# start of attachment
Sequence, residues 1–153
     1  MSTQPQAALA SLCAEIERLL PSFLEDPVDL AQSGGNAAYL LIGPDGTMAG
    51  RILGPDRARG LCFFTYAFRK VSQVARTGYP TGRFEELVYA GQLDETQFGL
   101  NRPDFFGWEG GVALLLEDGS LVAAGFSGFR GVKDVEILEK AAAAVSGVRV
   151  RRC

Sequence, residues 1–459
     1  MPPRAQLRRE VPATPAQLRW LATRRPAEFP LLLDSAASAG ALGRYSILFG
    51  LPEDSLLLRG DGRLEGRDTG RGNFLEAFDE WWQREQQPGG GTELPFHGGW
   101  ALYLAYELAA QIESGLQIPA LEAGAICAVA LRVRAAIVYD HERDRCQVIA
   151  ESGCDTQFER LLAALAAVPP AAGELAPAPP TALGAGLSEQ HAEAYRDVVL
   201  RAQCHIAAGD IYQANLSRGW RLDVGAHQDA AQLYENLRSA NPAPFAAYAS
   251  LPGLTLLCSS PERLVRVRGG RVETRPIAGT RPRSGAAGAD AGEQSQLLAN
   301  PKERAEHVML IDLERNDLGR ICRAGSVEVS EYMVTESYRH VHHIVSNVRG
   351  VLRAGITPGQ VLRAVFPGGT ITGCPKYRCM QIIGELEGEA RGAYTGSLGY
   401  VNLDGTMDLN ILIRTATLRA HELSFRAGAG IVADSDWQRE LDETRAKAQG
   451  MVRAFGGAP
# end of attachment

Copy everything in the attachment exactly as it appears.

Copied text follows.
Sequence, residues 1–153
     1  MSTQPQAALA SLCAEIERLL PSFLEDPVDL AQSGGNAAYL LIGPDGTMAG
    51  RILGPDRARG LCFFTYAFRK VSQVARTGYP TGRFEELVYA GQLDETQFGL
   101  NRPDFFGWEG GVALLLEDGS LVAAGFSGFR GVKDVEILEK AAAAVSGVRV
   151  RRC

Sequence, residues 1–459
     1  MPPRAQLRRE VPATPAQLRW LATRRPAEFP LLLDSAASAG ALGRYSILFG
    51  LPEDSLLLRG DGRLEGRDTG RGNFLEAFDE WWQREQQPGG GTELPFHGGW
   101  ALYLAYELAA QIESGLQIPA LEAGAICAVA LRVRAAIVYD HERDRCQVIA
   151  ESGCDTQFER LLAALAAVPP AAGELAPAPP TALGAGLSEQ HAEAYRDVVL
   201  RAQCHIAAGD IYQANLSRGW RLDVGAHQDA AQLYENLRSA NPAPFAAYAS
   251  LPGLTLLCSS PERLVRVRGG RVETRPIAGT RPRSGAAGAD AGEQSQLLAN
   301  PKERAEHVML IDLERNDLGR ICRAGSVEVS EYMVTESYRH VHHIVSNVRG
   351  VLRAGITPGQ VLRAVFPGGT ITGCPKYRCM QIIGELEGEA RGAYTGSLGY
   401  VNLDGTMDLN ILIRTATLRA HELSFRAGAG IVADSDWQRE LDETRAKAQG
   451  MVRAFGGAP